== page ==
Like most of us, Kiwi Jamie Greene can credit her success to her mother.

In 2013, the 28-year-old found herself studying physical education at the University of Otago in southern New Zealand. Greene, who came third at this year’s CrossFit Games, admits at that point in her life she was a far cry from her current state.

“I was playing rugby, but I was going out and partying a lot, scraping through and being pretty useless. I also worked long hours at a bar in town.”

Greene’s mother decided she needed a kick in the behind.

Greene said it was her mother who helped whip her into shape and fall in love with CrossFit. Photo: CrossFit

“My mom bought me a six week pass [to a CrossFit gym] as I was getting a bit lazy and maybe going out a bit much.”

The former gymnast, who stands 163cm and weighs in at 61 kilograms, according to CrossFit’s website, got hammered in the first workout at the “box”, which CrossFit gyms are known as.

“My first class was overhead squats, which I was useless at.”

The overhead squat is seen as one of the tougher moves in CrossFit, for its combination of raw power and technical abilities. Weightlifters regularly do the move in training for the snatch, and clean and jerk.

“I think I enjoyed the challenge, so I stuck at it after that,” said Greene, “it definitely put me on the straight and narrow.”

Zoom ahead a year and Greene found herself miles from New Zealand, as she moved to Abu Dhabi in 2014 to be a coach at Vogue Fitness, which now runs the CrossFit box Yas. Greene wasted no time in leaving and making an impression on the CrossFit community in the United Arab Emirates. Within three weeks, she took home gold at the Dubai Fitness Championship, which is now known as the Dubai CrossFit Championship, the first “sanctionals” the sport had created as a pathway to the Games.

This year’s DCC will take place on December 11-14 and features a healthy contingent of the sport’s top athletes vying for an invite via the tournament’s online workout, including Icelandic stars Bjorgvin Karl Gudmundsson, who came third at the games, and Sara Sigmundsdottir, who has finished in the top four three times.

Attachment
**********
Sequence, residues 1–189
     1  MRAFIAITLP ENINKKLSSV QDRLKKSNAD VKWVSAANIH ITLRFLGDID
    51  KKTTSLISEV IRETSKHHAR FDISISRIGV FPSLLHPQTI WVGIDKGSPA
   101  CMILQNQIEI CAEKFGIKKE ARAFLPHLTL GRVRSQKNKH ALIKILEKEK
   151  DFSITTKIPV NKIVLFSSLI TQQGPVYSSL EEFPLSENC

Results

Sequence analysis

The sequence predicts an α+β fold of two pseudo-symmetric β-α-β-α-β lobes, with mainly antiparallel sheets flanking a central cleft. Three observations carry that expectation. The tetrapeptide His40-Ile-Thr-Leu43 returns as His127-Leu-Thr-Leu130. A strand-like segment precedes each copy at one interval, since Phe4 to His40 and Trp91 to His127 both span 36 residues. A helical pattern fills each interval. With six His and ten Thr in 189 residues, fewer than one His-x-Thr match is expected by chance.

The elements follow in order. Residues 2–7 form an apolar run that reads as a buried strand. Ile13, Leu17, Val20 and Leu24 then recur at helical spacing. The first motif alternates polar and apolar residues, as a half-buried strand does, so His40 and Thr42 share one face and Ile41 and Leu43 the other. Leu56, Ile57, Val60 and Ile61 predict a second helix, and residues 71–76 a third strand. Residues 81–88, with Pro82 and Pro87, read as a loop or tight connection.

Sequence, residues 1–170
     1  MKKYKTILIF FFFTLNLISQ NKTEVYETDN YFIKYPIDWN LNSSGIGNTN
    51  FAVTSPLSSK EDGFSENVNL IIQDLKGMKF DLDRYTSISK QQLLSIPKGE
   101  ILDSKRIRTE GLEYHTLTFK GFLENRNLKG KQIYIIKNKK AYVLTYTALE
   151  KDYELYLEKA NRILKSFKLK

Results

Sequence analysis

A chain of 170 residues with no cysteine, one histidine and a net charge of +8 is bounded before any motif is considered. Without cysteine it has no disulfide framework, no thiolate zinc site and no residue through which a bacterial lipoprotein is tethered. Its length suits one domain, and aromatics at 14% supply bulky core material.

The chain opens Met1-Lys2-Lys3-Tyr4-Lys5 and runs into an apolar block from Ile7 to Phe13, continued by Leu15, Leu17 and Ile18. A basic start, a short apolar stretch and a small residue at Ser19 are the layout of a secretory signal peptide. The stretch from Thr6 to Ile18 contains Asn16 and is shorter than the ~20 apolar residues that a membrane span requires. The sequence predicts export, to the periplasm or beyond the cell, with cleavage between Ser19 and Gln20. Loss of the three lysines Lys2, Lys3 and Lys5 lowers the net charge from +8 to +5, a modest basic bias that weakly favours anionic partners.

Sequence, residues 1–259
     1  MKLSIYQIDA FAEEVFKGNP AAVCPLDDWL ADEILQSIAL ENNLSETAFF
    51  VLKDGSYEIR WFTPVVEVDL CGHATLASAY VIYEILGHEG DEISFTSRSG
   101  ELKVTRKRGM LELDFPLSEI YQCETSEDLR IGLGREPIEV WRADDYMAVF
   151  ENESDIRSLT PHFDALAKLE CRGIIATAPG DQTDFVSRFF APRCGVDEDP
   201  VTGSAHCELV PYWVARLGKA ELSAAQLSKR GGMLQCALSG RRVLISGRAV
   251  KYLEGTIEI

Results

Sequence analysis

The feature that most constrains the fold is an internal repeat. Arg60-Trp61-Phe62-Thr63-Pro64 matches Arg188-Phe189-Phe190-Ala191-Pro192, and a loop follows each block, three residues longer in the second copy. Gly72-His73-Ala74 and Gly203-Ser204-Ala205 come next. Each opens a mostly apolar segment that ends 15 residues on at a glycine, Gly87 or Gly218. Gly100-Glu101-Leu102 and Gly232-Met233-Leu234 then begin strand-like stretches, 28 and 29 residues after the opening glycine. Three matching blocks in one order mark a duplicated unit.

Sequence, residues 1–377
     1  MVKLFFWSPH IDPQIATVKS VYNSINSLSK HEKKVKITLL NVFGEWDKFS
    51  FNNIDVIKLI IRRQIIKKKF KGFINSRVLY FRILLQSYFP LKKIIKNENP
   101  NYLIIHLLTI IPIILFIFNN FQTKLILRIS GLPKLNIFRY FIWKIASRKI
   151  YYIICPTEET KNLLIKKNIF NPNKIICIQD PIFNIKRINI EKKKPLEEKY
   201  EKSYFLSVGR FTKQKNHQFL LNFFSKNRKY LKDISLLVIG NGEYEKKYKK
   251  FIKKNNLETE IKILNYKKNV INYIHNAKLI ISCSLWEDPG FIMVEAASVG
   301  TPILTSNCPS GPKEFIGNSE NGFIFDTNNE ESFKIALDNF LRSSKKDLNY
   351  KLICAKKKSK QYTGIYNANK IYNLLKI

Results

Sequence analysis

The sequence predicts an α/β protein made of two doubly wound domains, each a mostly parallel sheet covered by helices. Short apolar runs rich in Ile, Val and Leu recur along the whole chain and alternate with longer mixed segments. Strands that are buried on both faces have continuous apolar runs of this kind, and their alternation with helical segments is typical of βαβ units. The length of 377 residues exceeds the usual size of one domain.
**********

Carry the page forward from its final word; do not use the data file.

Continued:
The UAE is known for its robust expat community, which is estimated at 87 per cent of the 9.6 million people living in the country. The UAE is also a bit of a CrossFit hotbed in the Middle East as the company lists the tiny nation as having 23 affiliates spread over Abu Dhabi and Dubai. Greene said it’s been a great place to fine-tune herself as an athlete and a coach.

“It’s an awesome place to live. The Emirates are so welcoming, the expats are fun to be around and everyone can learn something from someone else. I love it here and have met some of my best friends and fiancée here, so I have no complaints.

Greene also said it’s been great to help teach a population base about exercise and proper eating. According to a study published in the US National Library of Medicine, obesity rates for expats in the UAE are “extremely high”.

“Health and fitness is fairly new over here,” said Greene, “a lot of people grow up not exercising ever in their childhood, which is new for me. So to get them into the gym, moving well and enjoying themselves is pretty cool.”

The move has also been a boom for her CrossFit career as, in Greene’s first appearance at the Games in 2016, she came third, then came eight in 2017, 11th in 2018. Another bronze came last year, behind Kristen Holte and Australian Tia-Clair Toomey.

Jamie Greene (left) with Kristen Holte and CrossFit Games champion Tia-Clair Toomey. Photo: CrossFit

This year also featured a number of rule changes for the athletes in terms of qualifications, the most notable being the establishing of country champions. Greene actually represented New Zealand as the top Open qualifier from her homeland. The Open is a five-week online workout competition where people submit videos to CrossFit, which is ongoing for the 2020 season.

Greene said the whole thing was a bit unnerving, but she took solace in the fact that every athlete was in the same boat as her.

“I didn’t know what to expect with the change of structure so I think that was a good thing. I was nervous but hard to be nervous for what you don’t know. I loved how the cuts were and how we found out everything just before we competed [at the Games]. I think that’s the true unknown, it was quite relaxed among athletes behind the scenes, which is a surprise, but I think because everyone was in the same boat. Everyone was a lot more chilled.”

Health and fitness is fairly new over here. A lot of people grow up not exercising ever in their childhood ... to get them into the gym, moving well and enjoying themselves is pretty cool.
Kiwi Jamie Greene on helping to bring better diet and fitness habits to the Middle East

Greene is hoping to compete in Dubai again in December. She came second last year behind England’s Samantha Briggs.

When it comes to diet, Greene said small changes like trying to do meal prep for a week, adding in more veggies, cutting out sugar for a week and drinking more water can have a cumulative effect.

She also admitted to being a “candy addict”, and said it was important to find out what works for you individually.

“Also ask those around you,” she said. “Everyone has different experiences with food and diets, learn from others and see what gives you the most energy and makes you feel good, day in and day out.”